Forgetting 'the First A in NASA'

Brazilian hackers upset over leaked reports that the U.S. National Security Agency spied on President Dilma Roussef and the state-run oil company Petrobras have displayed their displeasure on U.S.-government websites.

Alas, they apparently confused the acronym for the snoops -- NSA -- and the space cadets at the National Aeronautics and Space Administration -- NASA.

blog post photo

The U.S. space (and aeronautics) agency quickly took down the sites and got to work fixing them.

"At no point were any of the agency's primary websites, missions or classified systems compromised," according to a NASA spokesman. "We are diligently taking action to investigate and reconstitute the websites impacted during [the] web defacement incident."

NASA also mounted an investigation, which it says is "ongoing."

The NSA left it to James Clapper, the director of national intelligence, to comment on the Brazilian unhappiness. In a prepared statement, Clapper noted that "it is not a secret that the Intelligence Community collects information about economic and financial matters, and terrorist financing."

But Clapper denied the U.S. uses "our foreign intelligence capabilities to steal the trade secrets of foreign companies on behalf of -- or give intelligence we collect to -- U.S. companies to enhance their international competitiveness or increase their bottom line."

For her part, President Roussef cancelled a state visit to Washington, saying she won't be dining with President Barack Obama in "the absence of a timely investigation of the incident, with corresponding explanations and the commitment to stop the interception activities."

Maybe the NASA investigators can share what they find with her.

Please or Register to post comments.

What's On Space?

On Space

From The Archives

Aviation Week is approaching its 100th anniversary in 2016. In a series of blogs, our editors highlight editorial content from the magazine's long and rich history.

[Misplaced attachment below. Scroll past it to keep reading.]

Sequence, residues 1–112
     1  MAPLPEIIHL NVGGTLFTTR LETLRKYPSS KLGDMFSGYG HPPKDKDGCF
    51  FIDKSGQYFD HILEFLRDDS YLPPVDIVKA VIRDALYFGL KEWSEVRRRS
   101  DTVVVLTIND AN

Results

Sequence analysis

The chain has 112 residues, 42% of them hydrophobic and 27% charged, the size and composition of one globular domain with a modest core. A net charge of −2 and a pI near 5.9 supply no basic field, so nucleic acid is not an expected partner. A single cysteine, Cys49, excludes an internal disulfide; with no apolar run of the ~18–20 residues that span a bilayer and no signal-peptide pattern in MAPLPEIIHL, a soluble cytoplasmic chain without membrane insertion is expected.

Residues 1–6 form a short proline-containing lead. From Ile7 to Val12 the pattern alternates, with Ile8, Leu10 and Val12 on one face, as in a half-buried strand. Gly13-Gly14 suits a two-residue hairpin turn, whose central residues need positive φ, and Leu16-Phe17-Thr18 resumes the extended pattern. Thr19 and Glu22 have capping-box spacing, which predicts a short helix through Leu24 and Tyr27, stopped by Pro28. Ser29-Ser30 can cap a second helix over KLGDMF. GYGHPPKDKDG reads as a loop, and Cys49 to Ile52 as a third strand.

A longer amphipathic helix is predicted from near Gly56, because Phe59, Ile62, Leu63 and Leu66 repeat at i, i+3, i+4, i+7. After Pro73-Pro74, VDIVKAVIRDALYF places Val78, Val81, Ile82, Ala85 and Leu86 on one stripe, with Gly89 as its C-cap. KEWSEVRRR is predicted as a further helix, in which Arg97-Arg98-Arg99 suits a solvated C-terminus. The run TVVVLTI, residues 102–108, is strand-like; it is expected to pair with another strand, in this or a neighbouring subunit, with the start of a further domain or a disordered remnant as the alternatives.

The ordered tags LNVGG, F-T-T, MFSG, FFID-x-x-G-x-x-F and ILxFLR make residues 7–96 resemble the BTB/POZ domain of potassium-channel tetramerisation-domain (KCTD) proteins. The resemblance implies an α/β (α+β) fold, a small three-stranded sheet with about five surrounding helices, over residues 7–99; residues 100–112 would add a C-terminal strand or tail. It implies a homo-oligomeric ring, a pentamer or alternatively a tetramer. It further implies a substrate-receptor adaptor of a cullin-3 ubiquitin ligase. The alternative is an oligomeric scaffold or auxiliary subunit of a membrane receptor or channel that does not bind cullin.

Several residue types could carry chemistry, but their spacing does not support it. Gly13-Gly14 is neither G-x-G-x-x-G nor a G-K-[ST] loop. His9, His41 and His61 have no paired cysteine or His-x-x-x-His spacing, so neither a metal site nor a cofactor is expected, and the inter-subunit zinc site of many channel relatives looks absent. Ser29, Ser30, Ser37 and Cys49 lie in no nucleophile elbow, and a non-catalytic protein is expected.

Aug 27, 2015

Aviation Week Lifts Veil On Boeing B-52 Bomber (1952) 12

In 1952, Aviation Week provided the first details on the new Boeing B-52 bomber....More
Aug 14, 2015

Bonanza Travel Pays 3

The legendary Beechcraft Bonanza has an impressive production record, so perhaps the marketers back in 1949 were onto something when they coined the phrase "Bonanza travel pays."...More
Aug 14, 2015

Venerable Boeing 727 Prototype To Fly Again 28

The most famous 727, the prototype aircraft which would join United as N7001U, was delivered to the airline in October 1964 having served its time as a Boeing test aircraft....More
Aug 13, 2015

Aviation Week And The Bomb

Aviation News did not predict how nuclear weapons would change the world. But neither did anyone else....More
Aug 13, 2015

Collins Radar Takes The Ups And Downs Out Of Flying

Turbulence? Rockwell Collins had a solution for those bumpy rides in the early 80s with its WXR-700 Doppler Weather Radar....More
Blog Archive
Penton Corporate

Sponsored Introduction Continue on to (or wait seconds) ×